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A bun-worry

The phrase "bunfight" has been in avid use today, apropos of UK university Clearing, the process by which would-be university students go shopping for last-minute university paces, this year run on an unprecedented scale. (For example, in this THE article.)

I've assumed from long-casual reading that it meant "a conflict over something relatively trivial." But today's ubiquity prompted me to go digging a bit further.

The OED fails to mention this meaning, which briefly made me wonder if I had it all wrong.
bun-fight n. a jocular expression for a tea-party (cf. tea-fight n. at tea n. Compounds 3).
1928 R. Campbell Wayzgoose 7 It [the wayzgoose] combines the functions of a bun-fight, an Eisteddfod and an Olympic contest.

But it was baffling to think my friends were calling Clearing an expression of civility.

Collins does better with meaning #2 being "a petty squabble or argument".

Following up on a tea-fight via the OED....
tea-fight n. colloq. or slang humorous name for a tea-party or tea-meeting.
1849 A. R. Smith Pottleton Legacy xxxv, Their various small parties—‘tea-fights’ as young Grant called them.
1901 Scotsman 5 Mar. 7/5 The good people..organise a splendid weekly tea-fight and concert for our behoof.


bun-struggle n. = bun-fight n.
1899 R. Whiteing No. 5 John St. vi. 53 She wants yer to show up at a sort o' bun-struggle in 'er room..kind of a tea-fight.

bun-worry n. = bun-fight n.
1889 A. Barrère & C. G. Leland Dict. Slang Bun-struggle or worry (army), a tea meeting; an entertainment [for] soldiers in a garrison.
1911 W. De Morgan Likely Story 224 Madeline..had been going to a Bun-worry.


And as a bonus
† tea-shine n. colloq. Obs. a tea-party (cf. tea-fight n.).
1838 J. W. Carlyle Lett. (1883) I. 98 Two tea-shines went off with éclat.


A bun-fight Ngram: the rise of "bunfight", although without distinguishing between its senses.

Another person to briefly look at the subject observed the nineteenth-century terms "crumpet-scamble" and "muffin-worry" as synonyms for "bunfight", in the sense of "tea party".

It's not clear than anyone has bothered digging back to exactly where the argument meaning was first documented, but presumably it was post-'20s.

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Comments

( 5 comments — Leave a comment )
lil_shepherd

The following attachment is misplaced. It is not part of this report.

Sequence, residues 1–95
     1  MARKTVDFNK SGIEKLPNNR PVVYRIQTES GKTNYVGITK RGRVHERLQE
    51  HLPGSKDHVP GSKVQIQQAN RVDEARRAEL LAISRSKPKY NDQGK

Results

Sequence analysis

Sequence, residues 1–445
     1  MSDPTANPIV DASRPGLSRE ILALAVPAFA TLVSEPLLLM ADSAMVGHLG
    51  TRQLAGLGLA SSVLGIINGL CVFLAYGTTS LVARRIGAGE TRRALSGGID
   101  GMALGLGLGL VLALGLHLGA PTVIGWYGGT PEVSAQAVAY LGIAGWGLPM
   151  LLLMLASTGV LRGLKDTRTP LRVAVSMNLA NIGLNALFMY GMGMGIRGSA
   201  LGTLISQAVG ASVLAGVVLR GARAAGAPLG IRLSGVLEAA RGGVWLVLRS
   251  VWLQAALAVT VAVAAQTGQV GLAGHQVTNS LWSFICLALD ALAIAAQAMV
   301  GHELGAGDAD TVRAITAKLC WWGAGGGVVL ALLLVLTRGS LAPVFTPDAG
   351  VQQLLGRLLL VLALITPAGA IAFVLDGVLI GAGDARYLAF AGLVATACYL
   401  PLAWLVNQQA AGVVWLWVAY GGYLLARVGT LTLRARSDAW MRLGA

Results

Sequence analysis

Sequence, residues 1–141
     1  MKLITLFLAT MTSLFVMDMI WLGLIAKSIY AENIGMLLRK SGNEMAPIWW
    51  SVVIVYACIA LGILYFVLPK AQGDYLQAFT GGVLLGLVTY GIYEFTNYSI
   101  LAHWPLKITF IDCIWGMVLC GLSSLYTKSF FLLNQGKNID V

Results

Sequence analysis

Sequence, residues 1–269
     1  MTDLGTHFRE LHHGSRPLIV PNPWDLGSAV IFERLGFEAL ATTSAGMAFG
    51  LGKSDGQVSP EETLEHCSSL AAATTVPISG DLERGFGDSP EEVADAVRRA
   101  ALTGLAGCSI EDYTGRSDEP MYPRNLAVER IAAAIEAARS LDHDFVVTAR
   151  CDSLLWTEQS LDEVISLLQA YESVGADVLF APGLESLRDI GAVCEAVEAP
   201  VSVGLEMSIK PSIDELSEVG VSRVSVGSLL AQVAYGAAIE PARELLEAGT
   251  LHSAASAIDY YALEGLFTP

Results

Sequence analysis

Aug. 13th, 2015 01:20 pm (UTC)
To me, a 'bun fight' is either a tea party or something very like it with lots of people scrabbling for the tea and food or, metaphorically, "lots of people in a confined space trying to do or buy things" (which is, I suspect, what many of the people talking about clearing meant.) Ina says the same. Of course, we are both in our sixties...
inamac
Aug. 13th, 2015 01:41 pm (UTC)
I've mostly heard it in connection with the January Sales - to which the University Clearing system bears a lot of similarity. Lots of people scrabbling for a limited amount of goods in a short period of time.
gillo
Aug. 13th, 2015 02:34 pm (UTC)
I think in this instance the implication is that it's a crowded mess, as a real fight with cream buns would be.

I always used to hate this day, at school, dealing with traumatised kids who actually believe they have no future of any kind. Though it was satisfying to help them and always nice to hug those who had done well.

Now I have a lot of sympathy for university folks, also dealing with tearful teenagers. Bloody government made it all much worse for everybody, of course.
alextiefling
Aug. 13th, 2015 07:45 pm (UTC)
I may not be representative here, but I think of the rise of the 'squabble' meaning of bunfight as very recent indeed. When I was younger, it invariably meant some kind of catered event that stopped short of a full meal.
desperance
Aug. 14th, 2015 12:31 am (UTC)
Fairly sure I encountered bun-fight as meaning merely a tea-party in both Wodehouse and Sayers.
( 5 comments — Leave a comment )